On the other hand, if the VIX is going down, it means that the market is currently calm and there isn’t much risk involved in it. When the VIX goes down, the market goes up in simple terms.
As an investor, you should look at the VIX at the same time you plan to invest. These guidelines apply to both day traders and long-term investors. You should utilize the VIX to assess how the market is feeling and where it is heading, and make sure you purchase in the same direction as the market.
You should avoid investing large sums of money in the market as soon as the VIX rises, as this indicates that investors predict greater volatility in the future and that the overall market will fall.
(Historical graph of the VIX. Source: MacroTrends)
As can be seen on the cart located above, the VIX had two significant increases over the course of the last two decades. The first one occurred in 2008, during the height of the 2008 financial crisis, and the second one occurred in 2020, during the height of the COVID-19 pandemic.
How to Invest in the VIX
The VIX has made volatility marketable via derivatives. Cboe offered VIX futures in 2004 and options in 2006. These VIX-linked products introduce a new asset class by allowing pure volatility exposure.
Professional traders, major investment firms, and financiers utilize VIX-linked instruments for asset allocation. Because historical information shows a strong negative association between volatility and share price results, meaning when stock returns go down, volatility rises, and vice versa.
As with other indices, the VIX cannot be purchased directly. Traders can instead invest in VIX through futures and options contracts, as well as exchange traded products (ETPs).
Investors that utilize their own trading methods and complex algorithms price derivatives associated with high beta equities using VIX readings. Beta indicates the extent to which the value of a specific stock may fluctuate relative to a wide market index.
Frequently Asked Questions (FAQ)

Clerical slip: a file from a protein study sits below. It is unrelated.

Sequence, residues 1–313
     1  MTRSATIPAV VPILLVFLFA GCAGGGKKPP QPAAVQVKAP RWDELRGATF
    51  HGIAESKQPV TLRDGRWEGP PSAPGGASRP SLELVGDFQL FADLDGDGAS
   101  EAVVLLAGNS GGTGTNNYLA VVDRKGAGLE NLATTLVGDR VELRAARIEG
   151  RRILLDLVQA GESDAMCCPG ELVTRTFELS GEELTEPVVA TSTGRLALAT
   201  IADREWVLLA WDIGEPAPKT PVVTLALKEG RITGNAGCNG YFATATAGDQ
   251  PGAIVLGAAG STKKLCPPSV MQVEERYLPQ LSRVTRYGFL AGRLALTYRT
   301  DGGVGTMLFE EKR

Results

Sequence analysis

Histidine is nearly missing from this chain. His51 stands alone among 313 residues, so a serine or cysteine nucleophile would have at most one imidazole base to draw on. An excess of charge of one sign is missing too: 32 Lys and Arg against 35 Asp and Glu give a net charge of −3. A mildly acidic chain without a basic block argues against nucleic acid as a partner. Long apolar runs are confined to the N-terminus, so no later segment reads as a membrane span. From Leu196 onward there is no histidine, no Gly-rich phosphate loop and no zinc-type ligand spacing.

Can I trade the VIX?
Similar to other indexes, the VIX can’t be purchased directly. The VIX may be exchanged via futures contracts, exchange traded funds (ETFs), and exchange traded notes (ETNs) that hold such futures contracts.
Where can I find the VIX?
You can quickly get a chart for the VIX by doing a simple Google search. It is denoted by the ticker symbol VIX. On Questrade, the symbol is VIX.IN, whereas on Stockcharts.com, it is $VVIX. It may vary on various charting sites, but it is still readily accessible.
- The VIX is essentially a fear measure; it provides a snapshot of the market’s attitude at any given time frame.
- To begin with, the actual name is the CBOE Volatility Index, which stands for the Chicago Board Options Exchange Volatility Index.
- There is no corporation that underpins the VIX; rather, the VIX is literally just a mathematical formula that is based on out-of-the-money calls and puts.
- By adding the weighted values of several put and call options across a broad variety of price levels, the VIX determines what prices investors are ready to exchange at.
- Simply put, when the VIX is starting to go up, it means we are going to see risks in the market, which means that the market may be going down.
- On the other hand, if the VIX is going down, it means that the market is currently calm and there isn’t much risk involved in it.